Mnangagwa’s presidency of Zimbabwe falls short of low bar set by Mugabe
After Emmerson Mnangagwa was declared the winner of Zimbabwe’s last general election, a year after leading the 2017 coup that removed dictator Robert Mugabe, he pledged to bring the country in from the cold, declared its economy “open for business” and applied to rejoin the Commonwealth.
The honeymoon ended when his soldiers fired live ammunition into election protesters. The bitter years since have been characterised by his renewed strongman leadership and what critics say is the worsening climate of fear and repression that now grips the southern African nation.
“The Mnangagwa-led government dropped all pretence of opening up democratic space and squandering the unprecedented goodwill that was placed in a Zimbabwean leader in recent years,” said Musa Kika, director of the Zimbabwe Human Rights NGO Forum.
Few believe Mnangagwa, a former spy chief who earned the sobriquet “the crocodile”, and his ruling Zanu-PF will allow any possibility of losing the second post-Mugabe election which takes place on Wednesday.
The jailing of political prisoners and new repressive laws ahead of the vote had set up “possibly the worst-organised and most contentious election of the last two decades in Zimbabwe”, Kika said, a bold claim given the low bar set by Mugabe, who won more than 90 per cent of the vote in a violent 2008 election widely viewed as rigged.
The campaign itself has been mostly free of violence, but the opposition Citizens Coalition for Change, led by Mnangagwa’s main presidential challenger Nelson Chamisa, has been preparing for vote-rigging attempts with a plan to hold a parallel tally.
Opposition politicians have been thrown into pre-trial detention without bail, Mnangagwa has signed a bill that criminalises dissent and many foreign media have been blocked from entering the country to cover the vote.
In the background is a shadowy group linked to the security services, Forever Associates Zimbabwe, accused of intimidating voters and interfering in electoral processes, charges it has denied.
Speaking to the Financial Times in April, Chamisa said “Mugabe pales into a little example of dictatorship when you look at what’s happening now” in Zimbabwe.
Mnangagwa and Zanu-PF have emphasised the infrastructure that the state has managed to build without access to global capital markets.
“Just look at what we have done in the past five years, people must vote for development,” the 80-year-old president told state media this week.
But many Zimbabweans would take issue with his rosy view of an economy dragged down by a collapsing local currency and inflation that was in triple digits as of July.
Prosper Chitambara, an economist at Zimbabwe’s Labour and Economic Development Research Institute, said there had been “some successes”, notably infrastructure investments, road building, expansion of electricity power generation and mining investment.
The Sivio Institute, a Zimbabwean think-tank, also said the dams built under Mnangagwa’s government had helped to restore food security lost when Mugabe seized land from white farmers.
“Since 2000, Zimbabwe has not had an infrastructure drive like the one we’ve seen in the last five years,” said Tendai Murisa, its executive director.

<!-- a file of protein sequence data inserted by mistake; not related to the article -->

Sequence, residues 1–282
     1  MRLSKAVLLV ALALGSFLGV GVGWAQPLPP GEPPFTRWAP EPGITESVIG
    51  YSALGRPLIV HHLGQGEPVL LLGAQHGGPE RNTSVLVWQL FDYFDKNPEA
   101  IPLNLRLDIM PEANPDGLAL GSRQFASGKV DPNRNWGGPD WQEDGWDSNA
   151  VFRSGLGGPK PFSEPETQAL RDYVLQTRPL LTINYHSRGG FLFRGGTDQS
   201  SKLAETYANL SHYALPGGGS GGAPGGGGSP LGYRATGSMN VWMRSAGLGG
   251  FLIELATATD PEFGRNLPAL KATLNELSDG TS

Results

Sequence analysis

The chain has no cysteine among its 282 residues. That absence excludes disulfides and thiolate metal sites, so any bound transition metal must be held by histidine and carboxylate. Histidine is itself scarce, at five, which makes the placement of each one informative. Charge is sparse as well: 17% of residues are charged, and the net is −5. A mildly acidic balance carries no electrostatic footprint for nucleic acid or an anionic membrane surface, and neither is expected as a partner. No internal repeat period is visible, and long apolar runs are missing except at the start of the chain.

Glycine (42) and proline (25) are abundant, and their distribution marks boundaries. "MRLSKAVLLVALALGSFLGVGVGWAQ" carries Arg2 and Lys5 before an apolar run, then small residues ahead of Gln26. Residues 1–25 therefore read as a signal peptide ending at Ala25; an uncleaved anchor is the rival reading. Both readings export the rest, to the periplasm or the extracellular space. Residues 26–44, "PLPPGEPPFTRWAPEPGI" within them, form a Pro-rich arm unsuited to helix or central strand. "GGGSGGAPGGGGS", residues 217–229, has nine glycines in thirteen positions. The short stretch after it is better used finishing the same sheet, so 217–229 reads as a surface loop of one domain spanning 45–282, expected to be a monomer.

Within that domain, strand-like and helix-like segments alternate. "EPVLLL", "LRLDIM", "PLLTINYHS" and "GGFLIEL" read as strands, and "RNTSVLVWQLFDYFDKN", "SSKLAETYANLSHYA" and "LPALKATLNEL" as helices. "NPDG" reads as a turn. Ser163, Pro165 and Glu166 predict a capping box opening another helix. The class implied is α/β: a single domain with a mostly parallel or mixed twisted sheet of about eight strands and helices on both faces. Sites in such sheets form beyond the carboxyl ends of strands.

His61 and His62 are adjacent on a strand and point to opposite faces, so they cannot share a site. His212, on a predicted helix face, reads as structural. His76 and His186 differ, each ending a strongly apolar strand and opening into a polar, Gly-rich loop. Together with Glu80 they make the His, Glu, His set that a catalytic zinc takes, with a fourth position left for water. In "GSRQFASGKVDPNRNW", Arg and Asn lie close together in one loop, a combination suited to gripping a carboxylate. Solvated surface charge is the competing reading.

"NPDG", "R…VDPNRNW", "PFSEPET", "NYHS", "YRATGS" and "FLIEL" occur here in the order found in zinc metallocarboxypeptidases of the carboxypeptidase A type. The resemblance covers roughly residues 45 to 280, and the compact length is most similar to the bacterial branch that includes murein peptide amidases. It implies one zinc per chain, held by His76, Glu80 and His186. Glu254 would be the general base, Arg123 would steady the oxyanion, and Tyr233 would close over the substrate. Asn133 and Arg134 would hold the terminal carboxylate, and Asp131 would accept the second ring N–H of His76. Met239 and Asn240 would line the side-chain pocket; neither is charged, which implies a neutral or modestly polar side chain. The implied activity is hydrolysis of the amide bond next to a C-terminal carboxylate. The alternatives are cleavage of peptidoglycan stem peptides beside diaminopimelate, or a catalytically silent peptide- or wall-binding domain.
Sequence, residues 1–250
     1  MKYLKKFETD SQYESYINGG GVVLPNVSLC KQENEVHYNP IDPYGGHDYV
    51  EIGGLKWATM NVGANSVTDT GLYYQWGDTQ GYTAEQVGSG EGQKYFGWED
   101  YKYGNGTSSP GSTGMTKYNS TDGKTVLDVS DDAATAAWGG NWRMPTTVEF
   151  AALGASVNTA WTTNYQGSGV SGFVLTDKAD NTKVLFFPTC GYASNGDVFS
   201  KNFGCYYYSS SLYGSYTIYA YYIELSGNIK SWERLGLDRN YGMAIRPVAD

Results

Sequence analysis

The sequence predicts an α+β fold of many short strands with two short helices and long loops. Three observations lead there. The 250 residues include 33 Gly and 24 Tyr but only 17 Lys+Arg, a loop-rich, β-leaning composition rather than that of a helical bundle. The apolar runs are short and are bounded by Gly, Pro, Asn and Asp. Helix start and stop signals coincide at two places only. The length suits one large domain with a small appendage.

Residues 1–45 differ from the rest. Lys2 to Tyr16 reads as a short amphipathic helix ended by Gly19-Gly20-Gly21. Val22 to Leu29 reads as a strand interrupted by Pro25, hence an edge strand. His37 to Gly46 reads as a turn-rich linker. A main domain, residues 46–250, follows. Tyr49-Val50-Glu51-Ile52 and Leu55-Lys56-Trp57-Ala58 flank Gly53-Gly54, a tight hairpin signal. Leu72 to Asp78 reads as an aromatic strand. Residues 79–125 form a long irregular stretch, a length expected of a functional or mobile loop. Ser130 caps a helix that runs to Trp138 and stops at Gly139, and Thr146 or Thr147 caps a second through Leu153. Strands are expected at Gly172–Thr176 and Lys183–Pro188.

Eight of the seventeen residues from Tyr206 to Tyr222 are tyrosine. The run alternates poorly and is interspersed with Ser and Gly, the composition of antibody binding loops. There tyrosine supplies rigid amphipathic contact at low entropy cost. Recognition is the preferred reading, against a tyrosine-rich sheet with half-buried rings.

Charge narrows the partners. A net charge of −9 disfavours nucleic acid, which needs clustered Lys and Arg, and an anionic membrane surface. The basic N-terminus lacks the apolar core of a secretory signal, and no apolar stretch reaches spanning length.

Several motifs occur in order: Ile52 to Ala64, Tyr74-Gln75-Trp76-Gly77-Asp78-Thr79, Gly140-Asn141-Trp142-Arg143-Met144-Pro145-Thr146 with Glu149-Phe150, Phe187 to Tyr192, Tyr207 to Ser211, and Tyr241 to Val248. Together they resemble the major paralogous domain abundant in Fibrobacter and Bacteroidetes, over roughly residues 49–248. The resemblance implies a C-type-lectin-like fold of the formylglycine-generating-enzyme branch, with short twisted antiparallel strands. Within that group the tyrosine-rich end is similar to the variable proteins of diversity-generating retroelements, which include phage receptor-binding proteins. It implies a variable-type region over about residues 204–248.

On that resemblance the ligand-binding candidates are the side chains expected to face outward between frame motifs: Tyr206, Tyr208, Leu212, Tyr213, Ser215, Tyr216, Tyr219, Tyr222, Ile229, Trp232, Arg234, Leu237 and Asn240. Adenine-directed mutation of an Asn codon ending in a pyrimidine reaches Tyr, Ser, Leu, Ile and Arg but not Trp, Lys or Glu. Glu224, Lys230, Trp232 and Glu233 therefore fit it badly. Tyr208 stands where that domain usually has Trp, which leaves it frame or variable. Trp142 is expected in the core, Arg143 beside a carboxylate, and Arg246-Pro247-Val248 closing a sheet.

But he and other analysts also noted that this had come at a terrible cost in inflation because of how the state funded itself due to its financial isolation.
Some high-profile projects under Mnangagwa have been externally funded, mainly by Chinese loans or grants, such as a new parliament building.
But much of the new infrastructure has been financed directly from his government’s budget, via local currency payments to contractors who then dump it for more secure US dollars, according to Murisa.
Chitambara said: “In a normal economy, most of this [development] would be financed through the private sector, or through multilateral finance, but that has not been the case in Zimbabwe. So the huge public spending has had a destabilising effect on the macroeconomy.”
It has meant collapse in real terms for the wages of civil servants including the rank and file of the army that elevated Mnangagwa.
While he praised the “unflinching patriotism, loyalty and strategic capabilities” of his soldiers this month, the opposition promised them US dollar salaries.
Mnangagwa has claimed mining as another area where his regime has defied its pariah status, insisting that a plan to boost the industry’s revenues from sub-$3bn in 2018 to $12bn this year was on track.
Chinese investments in lithium puts Zimbabwe on course to be a significant African producer of the battery metal over the next decade.
But critics said this is another area where Mnangagwa’s presidency has been worse than that of Mugabe, citing the increasingly opaque state control of the country’s extensive resource wealth and its use to reward allies.
Murisa said the increasing levels of high-level corruption under Mnangagwa was “something Zimbabwe is doing to mimic Russia,” noting how the country even had homegrown versions of Russian oligarchs.
“When the government or party needs funding, they’re the ones who mop up resources,” he said. Chipo Dendere, a US-based political scientist, said it was still difficult to square the optimism when Mugabe was removed with conditions under his replacement, as Zimbabwe’s crocodile manoeuvres for a new five-year term.
“A simple contrast to Robert Mugabe would not suffice because there was a lot of hope for a new type of government post-Mugabe,” she said.